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Court of Appeal, First District, Division 3, California.

PEOPLE of the State of California, Plaintiff and Respondent, v. Stylin Christopher WOODARD, Jr., Defendant and Appellant.

Cr. 11226.

Decided: August 13, 1973

Daniel J. Taaffe, Berkeley (Under appointment of the Court of Appeal), for defendant and appellant. Evelle J. Younger, Atty. Gen. of Cal., Edward A. Hinz, Jr., Chief Asst. Atty. Gen., Crim. Div., William E. James, Asst. Atty. Gen., Appeals Sec., Edward P. O'Brien, Asst. Atty. Gen., Robert R. Granucci, Deputy Atty. Gen., San Francisco, for plaintiff and respondent.

A jury found appellant and a codefendant guilty of burglary in the second degree. Both were sentenced to prison, and defendant Woodard appealed. We appointed counsel for him. That attorney filed a brief fully stating the facts of the case, with detailed citations to the transcript. He stated two issues which his client suggested be raised on appeal. Counsel did not argue adversely to his client. He concluded his brief by stating that he ‘is unable to locate any conceivably appealable issues to present on appellant's behalf.’ He asked permission to withdraw as counsel, and so notified appellant. Thus counsel fully complied with the applicable California authority (People v. Feggans, 67 Cal.2d 444, 447—448, 62 Cal.Rptr. 419, 432 P.2d 21) interpreting the federal rule (Anders v. California, 386 U.S. 738, 87 S.Ct. 1396, 18 L.Ed.2d 493).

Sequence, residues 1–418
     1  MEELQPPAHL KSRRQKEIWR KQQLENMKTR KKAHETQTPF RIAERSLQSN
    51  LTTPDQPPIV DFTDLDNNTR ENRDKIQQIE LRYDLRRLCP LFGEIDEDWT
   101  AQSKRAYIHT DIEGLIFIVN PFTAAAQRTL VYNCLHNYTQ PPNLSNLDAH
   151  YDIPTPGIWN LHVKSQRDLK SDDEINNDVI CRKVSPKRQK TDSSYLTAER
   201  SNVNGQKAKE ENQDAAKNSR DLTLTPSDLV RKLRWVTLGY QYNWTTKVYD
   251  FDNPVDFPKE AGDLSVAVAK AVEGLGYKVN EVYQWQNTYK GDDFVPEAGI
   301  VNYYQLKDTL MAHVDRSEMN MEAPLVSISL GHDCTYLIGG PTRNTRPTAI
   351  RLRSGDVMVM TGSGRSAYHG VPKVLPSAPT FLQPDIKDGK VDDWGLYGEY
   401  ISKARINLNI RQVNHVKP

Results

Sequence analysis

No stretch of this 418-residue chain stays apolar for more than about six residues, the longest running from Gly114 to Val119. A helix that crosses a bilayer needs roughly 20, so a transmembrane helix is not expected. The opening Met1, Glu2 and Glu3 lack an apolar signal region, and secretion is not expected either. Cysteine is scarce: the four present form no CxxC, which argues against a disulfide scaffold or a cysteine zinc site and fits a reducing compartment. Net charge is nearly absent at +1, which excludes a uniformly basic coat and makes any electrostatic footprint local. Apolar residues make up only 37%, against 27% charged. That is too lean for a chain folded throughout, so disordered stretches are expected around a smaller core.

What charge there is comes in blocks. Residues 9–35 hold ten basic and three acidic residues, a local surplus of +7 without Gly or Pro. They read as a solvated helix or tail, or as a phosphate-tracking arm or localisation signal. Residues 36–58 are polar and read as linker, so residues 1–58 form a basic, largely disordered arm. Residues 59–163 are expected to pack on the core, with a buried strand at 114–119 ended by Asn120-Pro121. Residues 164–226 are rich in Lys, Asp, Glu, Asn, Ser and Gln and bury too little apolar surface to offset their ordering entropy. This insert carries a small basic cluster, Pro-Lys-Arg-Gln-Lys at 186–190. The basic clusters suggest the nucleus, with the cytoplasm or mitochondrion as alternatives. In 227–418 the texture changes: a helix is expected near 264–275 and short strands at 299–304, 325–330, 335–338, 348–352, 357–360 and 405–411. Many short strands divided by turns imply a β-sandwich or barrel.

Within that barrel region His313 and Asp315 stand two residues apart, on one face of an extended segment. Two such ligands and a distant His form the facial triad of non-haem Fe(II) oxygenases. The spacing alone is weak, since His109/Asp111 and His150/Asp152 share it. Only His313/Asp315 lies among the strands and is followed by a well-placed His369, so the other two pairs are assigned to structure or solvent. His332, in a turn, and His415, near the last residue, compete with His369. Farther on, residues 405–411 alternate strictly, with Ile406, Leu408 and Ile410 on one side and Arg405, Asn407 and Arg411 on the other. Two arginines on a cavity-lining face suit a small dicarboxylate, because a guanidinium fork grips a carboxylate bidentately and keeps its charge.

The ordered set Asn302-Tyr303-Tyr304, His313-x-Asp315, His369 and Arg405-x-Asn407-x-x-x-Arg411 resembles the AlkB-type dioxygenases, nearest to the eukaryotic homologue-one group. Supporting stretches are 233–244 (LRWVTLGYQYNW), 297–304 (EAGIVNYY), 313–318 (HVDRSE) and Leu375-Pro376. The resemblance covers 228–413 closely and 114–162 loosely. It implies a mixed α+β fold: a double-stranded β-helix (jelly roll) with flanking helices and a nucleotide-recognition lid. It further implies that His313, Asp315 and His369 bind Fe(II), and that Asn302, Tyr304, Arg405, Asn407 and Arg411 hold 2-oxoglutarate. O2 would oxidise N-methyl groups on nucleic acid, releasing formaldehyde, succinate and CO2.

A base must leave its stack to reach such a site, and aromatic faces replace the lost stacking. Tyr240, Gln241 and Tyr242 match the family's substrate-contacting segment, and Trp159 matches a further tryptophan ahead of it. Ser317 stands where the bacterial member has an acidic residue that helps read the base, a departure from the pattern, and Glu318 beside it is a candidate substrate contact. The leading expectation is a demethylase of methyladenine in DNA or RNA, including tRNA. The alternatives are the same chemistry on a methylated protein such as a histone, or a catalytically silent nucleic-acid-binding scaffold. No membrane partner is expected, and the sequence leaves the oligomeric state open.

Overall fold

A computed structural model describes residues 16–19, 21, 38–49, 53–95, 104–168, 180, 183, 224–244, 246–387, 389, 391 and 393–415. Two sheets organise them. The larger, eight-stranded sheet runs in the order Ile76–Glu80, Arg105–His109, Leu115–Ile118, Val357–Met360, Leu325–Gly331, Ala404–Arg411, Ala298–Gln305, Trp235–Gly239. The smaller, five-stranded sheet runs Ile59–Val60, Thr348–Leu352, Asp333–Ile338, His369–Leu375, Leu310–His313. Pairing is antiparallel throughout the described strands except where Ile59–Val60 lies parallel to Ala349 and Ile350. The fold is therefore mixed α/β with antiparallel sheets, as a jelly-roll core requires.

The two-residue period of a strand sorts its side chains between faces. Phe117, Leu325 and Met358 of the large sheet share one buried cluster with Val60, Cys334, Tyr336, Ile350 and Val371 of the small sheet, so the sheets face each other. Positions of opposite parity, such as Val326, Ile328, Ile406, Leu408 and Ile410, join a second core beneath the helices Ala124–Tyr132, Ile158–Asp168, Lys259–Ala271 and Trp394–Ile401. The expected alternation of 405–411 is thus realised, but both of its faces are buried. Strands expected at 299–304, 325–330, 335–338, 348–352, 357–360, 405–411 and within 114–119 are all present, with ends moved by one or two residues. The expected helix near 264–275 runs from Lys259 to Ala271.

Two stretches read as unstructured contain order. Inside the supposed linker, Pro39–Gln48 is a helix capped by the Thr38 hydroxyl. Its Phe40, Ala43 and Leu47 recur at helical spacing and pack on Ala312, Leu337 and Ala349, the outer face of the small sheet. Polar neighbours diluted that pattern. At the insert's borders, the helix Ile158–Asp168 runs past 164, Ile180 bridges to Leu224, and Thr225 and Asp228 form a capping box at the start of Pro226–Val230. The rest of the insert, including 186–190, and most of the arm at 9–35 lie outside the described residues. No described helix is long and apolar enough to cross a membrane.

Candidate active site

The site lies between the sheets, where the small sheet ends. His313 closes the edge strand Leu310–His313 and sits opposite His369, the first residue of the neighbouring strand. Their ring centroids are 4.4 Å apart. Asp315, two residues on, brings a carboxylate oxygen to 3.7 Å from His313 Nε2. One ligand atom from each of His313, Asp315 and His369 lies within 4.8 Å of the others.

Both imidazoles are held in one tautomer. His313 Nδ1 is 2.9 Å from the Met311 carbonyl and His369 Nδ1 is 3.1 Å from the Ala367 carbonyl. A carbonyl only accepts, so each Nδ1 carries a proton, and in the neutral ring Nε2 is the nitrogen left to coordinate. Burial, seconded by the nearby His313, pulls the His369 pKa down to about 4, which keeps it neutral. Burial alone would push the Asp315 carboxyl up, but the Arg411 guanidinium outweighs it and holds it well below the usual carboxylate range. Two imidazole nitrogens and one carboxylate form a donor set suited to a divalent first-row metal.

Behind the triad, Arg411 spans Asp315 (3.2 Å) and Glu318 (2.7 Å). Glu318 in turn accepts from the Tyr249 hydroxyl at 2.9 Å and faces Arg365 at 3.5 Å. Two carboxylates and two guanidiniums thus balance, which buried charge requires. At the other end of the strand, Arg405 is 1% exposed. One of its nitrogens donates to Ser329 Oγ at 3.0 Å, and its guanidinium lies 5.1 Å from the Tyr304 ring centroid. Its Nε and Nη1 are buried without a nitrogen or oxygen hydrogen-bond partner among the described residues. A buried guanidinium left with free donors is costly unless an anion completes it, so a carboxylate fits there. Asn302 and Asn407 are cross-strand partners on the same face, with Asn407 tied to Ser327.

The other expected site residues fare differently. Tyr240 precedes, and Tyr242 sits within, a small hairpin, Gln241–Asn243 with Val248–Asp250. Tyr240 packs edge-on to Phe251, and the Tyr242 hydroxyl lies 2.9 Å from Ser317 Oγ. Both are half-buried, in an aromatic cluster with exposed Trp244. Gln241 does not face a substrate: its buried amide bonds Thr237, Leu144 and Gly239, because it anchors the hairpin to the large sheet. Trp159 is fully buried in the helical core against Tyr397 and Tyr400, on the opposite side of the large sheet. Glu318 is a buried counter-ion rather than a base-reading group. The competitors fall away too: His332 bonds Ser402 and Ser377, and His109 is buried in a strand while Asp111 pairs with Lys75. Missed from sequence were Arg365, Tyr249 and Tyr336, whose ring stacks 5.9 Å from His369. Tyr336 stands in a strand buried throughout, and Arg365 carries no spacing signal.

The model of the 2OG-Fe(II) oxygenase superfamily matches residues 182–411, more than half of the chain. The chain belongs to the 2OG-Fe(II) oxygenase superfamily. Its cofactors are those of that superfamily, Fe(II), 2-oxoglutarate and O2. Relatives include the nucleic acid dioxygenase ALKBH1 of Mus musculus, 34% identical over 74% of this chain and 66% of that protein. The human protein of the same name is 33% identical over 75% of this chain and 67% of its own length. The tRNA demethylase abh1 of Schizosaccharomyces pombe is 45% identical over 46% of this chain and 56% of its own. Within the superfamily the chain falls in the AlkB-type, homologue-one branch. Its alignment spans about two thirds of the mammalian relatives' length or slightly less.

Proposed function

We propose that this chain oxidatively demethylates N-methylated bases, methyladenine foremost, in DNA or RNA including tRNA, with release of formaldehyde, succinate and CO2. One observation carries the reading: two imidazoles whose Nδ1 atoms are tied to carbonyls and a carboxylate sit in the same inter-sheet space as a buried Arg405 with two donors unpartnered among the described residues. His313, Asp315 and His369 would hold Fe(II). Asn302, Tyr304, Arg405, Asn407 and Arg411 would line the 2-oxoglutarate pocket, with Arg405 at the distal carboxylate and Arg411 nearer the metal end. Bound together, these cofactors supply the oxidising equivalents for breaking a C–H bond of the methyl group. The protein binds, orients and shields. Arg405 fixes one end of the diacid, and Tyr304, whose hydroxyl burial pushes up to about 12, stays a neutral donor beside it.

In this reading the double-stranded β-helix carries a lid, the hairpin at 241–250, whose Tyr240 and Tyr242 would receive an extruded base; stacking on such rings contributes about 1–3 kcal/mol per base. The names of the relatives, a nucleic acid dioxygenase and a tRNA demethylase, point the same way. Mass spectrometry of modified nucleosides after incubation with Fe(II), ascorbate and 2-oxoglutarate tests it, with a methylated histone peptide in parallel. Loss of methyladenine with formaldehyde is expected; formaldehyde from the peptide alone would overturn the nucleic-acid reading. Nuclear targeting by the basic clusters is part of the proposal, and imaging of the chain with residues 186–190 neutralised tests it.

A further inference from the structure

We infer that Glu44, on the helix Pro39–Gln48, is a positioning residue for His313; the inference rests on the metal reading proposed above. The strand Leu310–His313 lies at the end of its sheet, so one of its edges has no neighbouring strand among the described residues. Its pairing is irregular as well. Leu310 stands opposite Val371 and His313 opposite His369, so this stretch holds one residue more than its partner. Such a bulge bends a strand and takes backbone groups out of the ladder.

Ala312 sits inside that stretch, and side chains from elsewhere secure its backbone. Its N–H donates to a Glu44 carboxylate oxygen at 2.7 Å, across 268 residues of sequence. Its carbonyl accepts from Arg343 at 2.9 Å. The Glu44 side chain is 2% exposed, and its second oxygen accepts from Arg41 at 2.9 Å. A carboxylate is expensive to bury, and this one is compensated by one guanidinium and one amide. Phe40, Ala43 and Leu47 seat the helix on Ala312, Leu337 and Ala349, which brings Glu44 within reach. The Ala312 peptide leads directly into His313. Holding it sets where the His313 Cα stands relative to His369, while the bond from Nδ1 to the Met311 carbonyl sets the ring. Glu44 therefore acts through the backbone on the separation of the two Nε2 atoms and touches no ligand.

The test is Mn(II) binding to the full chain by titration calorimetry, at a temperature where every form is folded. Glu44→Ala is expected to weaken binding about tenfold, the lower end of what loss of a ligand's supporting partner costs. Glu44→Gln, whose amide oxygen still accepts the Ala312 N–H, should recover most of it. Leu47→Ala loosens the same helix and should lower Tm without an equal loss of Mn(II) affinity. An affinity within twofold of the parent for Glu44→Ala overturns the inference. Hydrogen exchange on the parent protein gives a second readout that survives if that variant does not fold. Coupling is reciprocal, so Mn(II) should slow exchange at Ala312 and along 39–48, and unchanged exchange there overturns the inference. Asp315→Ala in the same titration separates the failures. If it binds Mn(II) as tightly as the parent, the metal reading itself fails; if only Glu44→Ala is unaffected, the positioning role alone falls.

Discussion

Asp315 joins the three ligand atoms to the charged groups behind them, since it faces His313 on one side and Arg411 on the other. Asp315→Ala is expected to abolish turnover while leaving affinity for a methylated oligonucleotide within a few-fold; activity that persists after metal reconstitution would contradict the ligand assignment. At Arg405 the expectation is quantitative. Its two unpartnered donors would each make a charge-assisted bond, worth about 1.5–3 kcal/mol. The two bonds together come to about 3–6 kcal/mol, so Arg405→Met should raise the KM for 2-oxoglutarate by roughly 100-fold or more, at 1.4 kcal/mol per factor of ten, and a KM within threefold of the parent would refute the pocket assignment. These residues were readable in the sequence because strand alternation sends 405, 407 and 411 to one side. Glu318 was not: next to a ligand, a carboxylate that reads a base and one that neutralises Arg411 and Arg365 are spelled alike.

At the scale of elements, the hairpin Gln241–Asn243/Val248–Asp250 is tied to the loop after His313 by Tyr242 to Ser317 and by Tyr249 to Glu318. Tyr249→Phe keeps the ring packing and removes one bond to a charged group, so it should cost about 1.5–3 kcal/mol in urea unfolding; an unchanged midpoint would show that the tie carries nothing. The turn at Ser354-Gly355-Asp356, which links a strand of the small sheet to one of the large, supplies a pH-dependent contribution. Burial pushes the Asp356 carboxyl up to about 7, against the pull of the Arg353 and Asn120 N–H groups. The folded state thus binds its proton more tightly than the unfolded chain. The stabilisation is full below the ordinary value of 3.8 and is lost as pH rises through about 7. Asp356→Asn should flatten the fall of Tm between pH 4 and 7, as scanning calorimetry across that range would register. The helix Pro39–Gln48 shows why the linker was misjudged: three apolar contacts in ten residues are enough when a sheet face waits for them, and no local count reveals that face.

Upon our independent and detailed examination of the record, we relieved court-appointed counsel, denied appellant's request for appointment of successor counsel, and granted appellant 30 days to file any written argument he desired. More than three months have passed and no brief or letter has been filed.

We have again reviewed the entire record on appeal. The two contentions suggested by appellant to his former counsel are utterly without merit, and are in no sense arguable.

Nor does the record reveal any issue even worthy of mention. There was no search or seizure, the conduct of the prosecutor was above reproach, and no other of the myriad of possible contentions in criminal appeals is even remotely suggested. The evidence overwhelmingly supports the jury verdict. Independent eyewitnesses saw defendants carrying the victim's television set from the immediate neighborhood of her home.

We find no issue even remotely arguable. Accordingly, as suggested by Feggans, 67 Cal.2d at p. 448, 62 Cal.Rptr. 419, 432 P.2d 21, and as held in a 1968 case (People v. Sumner, 262 Cal.App.2d 409, 69 Cal.Rptr. 15), we determine that the appeal is frivolous as that term is used in Anders.

The appeal is dismissed.

DRAPER, Presiding Justice.